Muscle protein synthesis (MPS) increases after consumption of a protein-containing meal but returns to baseline values within 3 h despite continued elevations of plasma amino acids and mammalian target of rapamycin (mTORC1) signaling. This study evaluated the potential for supplemental leucine (Leu), carbohydrates (CHO), or both to prolong elevated MPS after a meal. Male Sprague-Dawley rats (?270 g) trained to consume three meals daily were food deprived for 12 h, and then blood and gastrocnemius muscle were collected 0, 90, or 180 min after a standard 4-g test meal (20% whey protein). At 135 min postmeal, rats were orally administered 2.63 g of CHO, 270 mg of Leu, both, or water (sham control). Following test meal consumption, MPS peaked at 90 min and then returned to basal (time 0) rates at 180 min, although ribosomal protein S6 kinase and eIF4E-binding protein-1 phosphorylation remained elevated. In contrast, rats administered Leu and/or CHO supplements at 135 min postmeal maintained peak MPS through 180 min. MPS was inversely associated with the phosphorylation states of translation elongation factor 2, the "cellular energy sensor" adenosine monophosphate-activated protein kinase-? (AMPK?) and its substrate acetyl-CoA carboxylase, and increases in the ratio of AMP/ATP. We conclude that the incongruity between MPS and mTORC1 at 180 min reflects a block in translation elongation due to reduced cellular energy. Administering Leu or CHO supplements ?2 h after a meal maintains cellular energy status and extends the postprandial duration of MPS.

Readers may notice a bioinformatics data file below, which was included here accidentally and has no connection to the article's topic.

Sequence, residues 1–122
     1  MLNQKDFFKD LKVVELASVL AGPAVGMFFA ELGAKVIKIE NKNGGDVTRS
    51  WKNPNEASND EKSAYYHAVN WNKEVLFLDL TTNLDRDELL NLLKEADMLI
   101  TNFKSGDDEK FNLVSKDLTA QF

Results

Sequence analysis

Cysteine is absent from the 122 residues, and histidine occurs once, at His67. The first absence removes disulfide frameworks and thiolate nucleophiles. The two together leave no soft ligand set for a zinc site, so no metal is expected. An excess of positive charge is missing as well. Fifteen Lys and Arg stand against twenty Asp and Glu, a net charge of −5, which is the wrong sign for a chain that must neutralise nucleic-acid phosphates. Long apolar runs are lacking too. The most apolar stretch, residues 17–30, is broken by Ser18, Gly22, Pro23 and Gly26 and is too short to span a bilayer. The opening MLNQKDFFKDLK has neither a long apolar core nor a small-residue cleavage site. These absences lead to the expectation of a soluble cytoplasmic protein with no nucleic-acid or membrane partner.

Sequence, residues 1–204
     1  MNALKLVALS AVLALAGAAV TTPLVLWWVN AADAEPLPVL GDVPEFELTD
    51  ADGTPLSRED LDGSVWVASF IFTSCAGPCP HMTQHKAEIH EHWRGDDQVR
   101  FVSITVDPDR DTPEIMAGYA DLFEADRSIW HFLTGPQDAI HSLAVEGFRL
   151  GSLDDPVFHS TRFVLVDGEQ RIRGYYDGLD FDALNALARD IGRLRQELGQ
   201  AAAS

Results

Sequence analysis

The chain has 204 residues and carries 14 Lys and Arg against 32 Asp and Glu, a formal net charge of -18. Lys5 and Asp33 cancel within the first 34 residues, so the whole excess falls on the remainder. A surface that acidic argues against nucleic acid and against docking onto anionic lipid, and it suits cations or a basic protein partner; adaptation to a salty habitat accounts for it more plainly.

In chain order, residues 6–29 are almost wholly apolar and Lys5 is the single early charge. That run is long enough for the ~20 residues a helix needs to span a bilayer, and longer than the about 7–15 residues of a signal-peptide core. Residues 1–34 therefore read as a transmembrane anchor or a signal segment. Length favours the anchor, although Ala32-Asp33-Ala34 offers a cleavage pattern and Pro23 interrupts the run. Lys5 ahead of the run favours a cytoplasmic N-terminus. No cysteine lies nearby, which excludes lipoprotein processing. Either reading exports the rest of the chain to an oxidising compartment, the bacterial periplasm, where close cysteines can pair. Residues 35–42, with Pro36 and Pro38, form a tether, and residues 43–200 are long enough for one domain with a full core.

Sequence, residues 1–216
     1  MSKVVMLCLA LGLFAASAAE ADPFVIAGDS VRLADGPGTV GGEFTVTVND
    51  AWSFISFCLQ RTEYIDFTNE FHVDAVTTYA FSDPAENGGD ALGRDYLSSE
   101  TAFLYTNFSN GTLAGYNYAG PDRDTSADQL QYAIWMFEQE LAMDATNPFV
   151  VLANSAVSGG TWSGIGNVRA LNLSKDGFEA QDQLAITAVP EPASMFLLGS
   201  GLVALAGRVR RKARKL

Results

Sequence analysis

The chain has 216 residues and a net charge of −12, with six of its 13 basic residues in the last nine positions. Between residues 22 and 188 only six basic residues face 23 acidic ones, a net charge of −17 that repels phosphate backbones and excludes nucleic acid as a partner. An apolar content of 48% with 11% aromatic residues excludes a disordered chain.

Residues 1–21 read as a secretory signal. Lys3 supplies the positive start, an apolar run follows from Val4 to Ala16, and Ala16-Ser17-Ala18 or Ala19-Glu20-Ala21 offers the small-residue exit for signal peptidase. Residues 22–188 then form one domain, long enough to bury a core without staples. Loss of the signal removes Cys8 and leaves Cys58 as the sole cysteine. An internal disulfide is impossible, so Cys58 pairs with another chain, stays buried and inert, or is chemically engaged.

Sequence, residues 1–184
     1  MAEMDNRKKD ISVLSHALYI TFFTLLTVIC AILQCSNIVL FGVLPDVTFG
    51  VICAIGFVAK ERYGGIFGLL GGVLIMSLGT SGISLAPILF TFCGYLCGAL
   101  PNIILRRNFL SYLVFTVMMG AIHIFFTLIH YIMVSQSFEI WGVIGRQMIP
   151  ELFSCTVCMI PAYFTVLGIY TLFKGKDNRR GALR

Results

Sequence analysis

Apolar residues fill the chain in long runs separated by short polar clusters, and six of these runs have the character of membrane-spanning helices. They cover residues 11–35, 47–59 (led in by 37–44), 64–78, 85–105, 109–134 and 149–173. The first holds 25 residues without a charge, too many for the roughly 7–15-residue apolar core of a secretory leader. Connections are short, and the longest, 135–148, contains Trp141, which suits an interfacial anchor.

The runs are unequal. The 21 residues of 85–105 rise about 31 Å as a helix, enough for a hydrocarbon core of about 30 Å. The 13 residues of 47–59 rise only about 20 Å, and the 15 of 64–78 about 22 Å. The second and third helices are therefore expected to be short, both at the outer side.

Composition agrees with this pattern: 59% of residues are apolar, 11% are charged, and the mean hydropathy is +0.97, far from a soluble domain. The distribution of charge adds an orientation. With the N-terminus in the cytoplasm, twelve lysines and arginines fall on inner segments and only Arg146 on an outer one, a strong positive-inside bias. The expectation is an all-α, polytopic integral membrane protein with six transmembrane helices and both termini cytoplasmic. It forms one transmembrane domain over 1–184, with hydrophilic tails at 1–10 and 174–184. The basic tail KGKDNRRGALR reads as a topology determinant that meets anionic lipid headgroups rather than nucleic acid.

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e-pub ahead of print date: 13 September 2011
Published date: 1 December 2011
Keywords: eukaryotic elongation factor 2, adenosine 5?-monophosphate-activated protein kinase, translation initiation, translation elongation, branched-chain amino acids, whey protein, mammalian target of rapamycin complex 1
Organisations: Centre for Biological Sciences

Identifiers

Local EPrints ID: 350238
URI: http://eprints.soton.ac.uk/id/eprint/350238
ISSN: 0193-1849
PURE UUID: 2e2ffa6f-a0c4-463c-961a-af5e8b6a708b

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Date deposited: 20 Mar 2013 12:04
Last modified: 16 Jul 2019 21:40

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Contributors

Author: Gabriel J. Wilson
Author: Donald K. Layman
Author: Christopher J. Moulton
Author: Layne E. Norton
Author: Tracy G. Anthony
Author: Christopher G. Proud
Author: S. Indu Rupassara
Author: Peter J. Garlick